People Exposed to PFAs Criticize EPA Action Plan as Too Little, Too Late

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Illustration: Soohee Cho/The Intercept

THE ENVIRONMENTAL PROTECTION AGENCY has released its plan for tackling widespread contamination by the highly toxic persistent industrial compounds known as PFAS, which have been found in drinking water around the country. The agency’s “PFAS Strategic Roadmap” is part of an interagency push by the Biden administration to combat the chemicals, which are associated with a range of health problems and last indefinitely in the environment.

“This comprehensive, national PFAS strategy will deliver protections to people who are hurting by advancing bold and concrete actions that address the full life cycle of these chemicals,” said EPA Administrator Michael Regan, who appeared in North Carolina, where he previously served as secretary of the North Carolina Department of Environmental Quality, to launch the plan. “Let there be no doubt that EPA is listening, we have your back, and we are laser-focused on protecting people from pollution and holding polluters accountable.”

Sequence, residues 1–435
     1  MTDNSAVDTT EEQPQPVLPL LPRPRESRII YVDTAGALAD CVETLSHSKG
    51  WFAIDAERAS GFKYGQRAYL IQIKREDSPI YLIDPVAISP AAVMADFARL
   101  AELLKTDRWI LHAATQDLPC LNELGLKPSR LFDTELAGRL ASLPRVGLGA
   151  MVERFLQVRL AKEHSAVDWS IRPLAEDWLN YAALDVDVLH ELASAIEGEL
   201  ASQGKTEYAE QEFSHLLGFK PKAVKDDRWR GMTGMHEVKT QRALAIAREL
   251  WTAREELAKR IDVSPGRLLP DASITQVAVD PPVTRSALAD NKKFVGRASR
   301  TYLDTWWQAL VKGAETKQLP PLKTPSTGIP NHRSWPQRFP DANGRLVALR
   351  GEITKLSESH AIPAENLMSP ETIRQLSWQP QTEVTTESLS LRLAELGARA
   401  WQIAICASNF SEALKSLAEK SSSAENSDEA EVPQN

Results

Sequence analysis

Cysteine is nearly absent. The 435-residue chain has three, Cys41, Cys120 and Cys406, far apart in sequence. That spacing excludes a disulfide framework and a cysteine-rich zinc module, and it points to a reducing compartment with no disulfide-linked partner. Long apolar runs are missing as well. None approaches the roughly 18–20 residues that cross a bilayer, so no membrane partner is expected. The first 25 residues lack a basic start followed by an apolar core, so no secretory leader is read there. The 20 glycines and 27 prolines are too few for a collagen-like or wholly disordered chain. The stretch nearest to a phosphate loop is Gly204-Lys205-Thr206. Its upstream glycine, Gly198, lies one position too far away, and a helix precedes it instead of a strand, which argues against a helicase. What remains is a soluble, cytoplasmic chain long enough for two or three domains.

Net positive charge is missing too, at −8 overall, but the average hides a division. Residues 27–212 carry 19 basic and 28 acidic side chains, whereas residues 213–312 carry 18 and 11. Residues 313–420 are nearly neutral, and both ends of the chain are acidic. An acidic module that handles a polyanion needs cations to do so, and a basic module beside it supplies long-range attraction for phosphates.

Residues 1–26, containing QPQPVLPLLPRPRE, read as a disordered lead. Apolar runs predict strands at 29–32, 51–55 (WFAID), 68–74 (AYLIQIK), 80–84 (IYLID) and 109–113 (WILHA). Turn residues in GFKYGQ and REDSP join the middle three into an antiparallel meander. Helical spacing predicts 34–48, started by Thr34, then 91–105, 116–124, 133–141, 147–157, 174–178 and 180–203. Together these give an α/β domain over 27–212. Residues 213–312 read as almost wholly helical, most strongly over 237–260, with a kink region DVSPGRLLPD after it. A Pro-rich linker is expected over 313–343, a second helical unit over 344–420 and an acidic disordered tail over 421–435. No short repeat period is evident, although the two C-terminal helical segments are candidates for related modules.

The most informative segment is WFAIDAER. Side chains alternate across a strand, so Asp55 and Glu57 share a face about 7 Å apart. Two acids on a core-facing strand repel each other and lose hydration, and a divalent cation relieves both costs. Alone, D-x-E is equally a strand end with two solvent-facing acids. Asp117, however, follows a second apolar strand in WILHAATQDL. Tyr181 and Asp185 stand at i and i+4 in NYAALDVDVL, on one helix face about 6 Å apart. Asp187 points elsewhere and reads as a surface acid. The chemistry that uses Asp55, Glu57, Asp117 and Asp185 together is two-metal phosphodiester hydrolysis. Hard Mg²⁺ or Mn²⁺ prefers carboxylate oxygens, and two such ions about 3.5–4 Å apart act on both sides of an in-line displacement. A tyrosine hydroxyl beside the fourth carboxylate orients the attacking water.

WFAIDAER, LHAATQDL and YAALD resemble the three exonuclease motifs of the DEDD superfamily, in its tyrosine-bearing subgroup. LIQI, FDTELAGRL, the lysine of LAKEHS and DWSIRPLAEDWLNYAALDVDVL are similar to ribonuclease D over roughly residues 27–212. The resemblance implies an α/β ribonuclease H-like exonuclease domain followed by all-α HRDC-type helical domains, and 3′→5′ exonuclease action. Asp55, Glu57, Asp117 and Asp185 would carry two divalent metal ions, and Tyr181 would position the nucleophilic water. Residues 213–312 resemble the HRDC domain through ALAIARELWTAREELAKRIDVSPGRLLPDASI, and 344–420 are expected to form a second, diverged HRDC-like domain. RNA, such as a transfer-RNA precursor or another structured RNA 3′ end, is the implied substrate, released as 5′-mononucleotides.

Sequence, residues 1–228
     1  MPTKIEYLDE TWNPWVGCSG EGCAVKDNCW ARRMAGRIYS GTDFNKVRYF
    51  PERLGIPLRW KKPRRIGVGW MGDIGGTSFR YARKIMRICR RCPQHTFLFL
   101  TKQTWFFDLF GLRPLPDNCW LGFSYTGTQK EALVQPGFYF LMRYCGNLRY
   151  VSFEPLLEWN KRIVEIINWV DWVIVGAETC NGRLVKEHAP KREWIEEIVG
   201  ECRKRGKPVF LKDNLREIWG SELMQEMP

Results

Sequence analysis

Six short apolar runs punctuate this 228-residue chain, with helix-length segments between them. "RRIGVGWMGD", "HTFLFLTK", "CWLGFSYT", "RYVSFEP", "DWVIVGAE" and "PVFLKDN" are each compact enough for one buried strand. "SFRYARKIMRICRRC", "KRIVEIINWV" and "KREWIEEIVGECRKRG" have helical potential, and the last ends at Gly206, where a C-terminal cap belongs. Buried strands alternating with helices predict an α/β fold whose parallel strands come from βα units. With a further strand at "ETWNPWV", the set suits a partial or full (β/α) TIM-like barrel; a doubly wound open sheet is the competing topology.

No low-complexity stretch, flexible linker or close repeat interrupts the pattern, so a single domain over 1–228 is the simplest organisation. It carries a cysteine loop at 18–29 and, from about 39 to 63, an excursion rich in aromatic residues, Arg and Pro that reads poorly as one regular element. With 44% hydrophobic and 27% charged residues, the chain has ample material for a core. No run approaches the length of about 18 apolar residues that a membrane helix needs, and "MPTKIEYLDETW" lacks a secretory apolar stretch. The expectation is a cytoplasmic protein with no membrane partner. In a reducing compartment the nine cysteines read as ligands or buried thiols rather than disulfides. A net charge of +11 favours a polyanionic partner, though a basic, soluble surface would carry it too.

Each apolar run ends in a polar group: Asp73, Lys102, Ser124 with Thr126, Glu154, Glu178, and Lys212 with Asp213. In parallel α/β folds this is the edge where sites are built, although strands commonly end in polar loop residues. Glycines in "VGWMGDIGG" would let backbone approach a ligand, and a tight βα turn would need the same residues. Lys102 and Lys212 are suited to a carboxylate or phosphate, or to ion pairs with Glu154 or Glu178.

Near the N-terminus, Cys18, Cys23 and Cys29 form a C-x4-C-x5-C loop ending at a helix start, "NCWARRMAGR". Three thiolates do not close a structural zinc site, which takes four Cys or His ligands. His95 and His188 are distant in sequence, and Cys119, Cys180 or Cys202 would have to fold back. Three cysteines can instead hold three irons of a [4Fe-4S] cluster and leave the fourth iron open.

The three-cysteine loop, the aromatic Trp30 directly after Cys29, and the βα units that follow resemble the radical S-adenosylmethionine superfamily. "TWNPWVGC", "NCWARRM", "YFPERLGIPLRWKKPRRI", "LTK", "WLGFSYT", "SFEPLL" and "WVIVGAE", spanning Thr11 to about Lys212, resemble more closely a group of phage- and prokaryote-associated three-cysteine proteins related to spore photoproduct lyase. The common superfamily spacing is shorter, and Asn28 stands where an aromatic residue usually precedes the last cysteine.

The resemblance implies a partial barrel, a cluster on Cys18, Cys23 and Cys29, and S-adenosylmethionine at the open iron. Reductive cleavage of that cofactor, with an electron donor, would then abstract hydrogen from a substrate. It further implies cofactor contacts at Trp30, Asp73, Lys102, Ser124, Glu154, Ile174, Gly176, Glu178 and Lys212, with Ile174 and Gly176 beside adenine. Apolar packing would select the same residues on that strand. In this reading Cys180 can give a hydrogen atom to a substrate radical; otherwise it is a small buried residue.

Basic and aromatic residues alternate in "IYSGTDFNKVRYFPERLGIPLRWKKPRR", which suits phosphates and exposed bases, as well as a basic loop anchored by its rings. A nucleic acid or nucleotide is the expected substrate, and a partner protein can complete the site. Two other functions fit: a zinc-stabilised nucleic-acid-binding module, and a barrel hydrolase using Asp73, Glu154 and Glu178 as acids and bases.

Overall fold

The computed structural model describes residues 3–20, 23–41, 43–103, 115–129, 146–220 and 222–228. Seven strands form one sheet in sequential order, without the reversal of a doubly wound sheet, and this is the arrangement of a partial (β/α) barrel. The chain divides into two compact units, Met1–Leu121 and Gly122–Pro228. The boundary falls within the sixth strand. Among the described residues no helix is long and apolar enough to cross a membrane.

The EPA document lays out an accelerated timeline for various steps to regulate, remediate, and conduct research on PFAS, a class of chemicals used to make nonstick pansfirefighting foam, and hundreds of other products. The agency committed to designating two of the best known chemicals in the class, PFOA and PFOS, as hazardous under the Comprehensive Environmental Response, Compensation, and Liability Act by the summer of 2023. By that fall, the agency plans to set enforceable drinking water limits on those same two compounds. The EPA has pledged to finalize a risk assessment for PFOA and PFOS in sludge by the winter of 2024. 10-19-21

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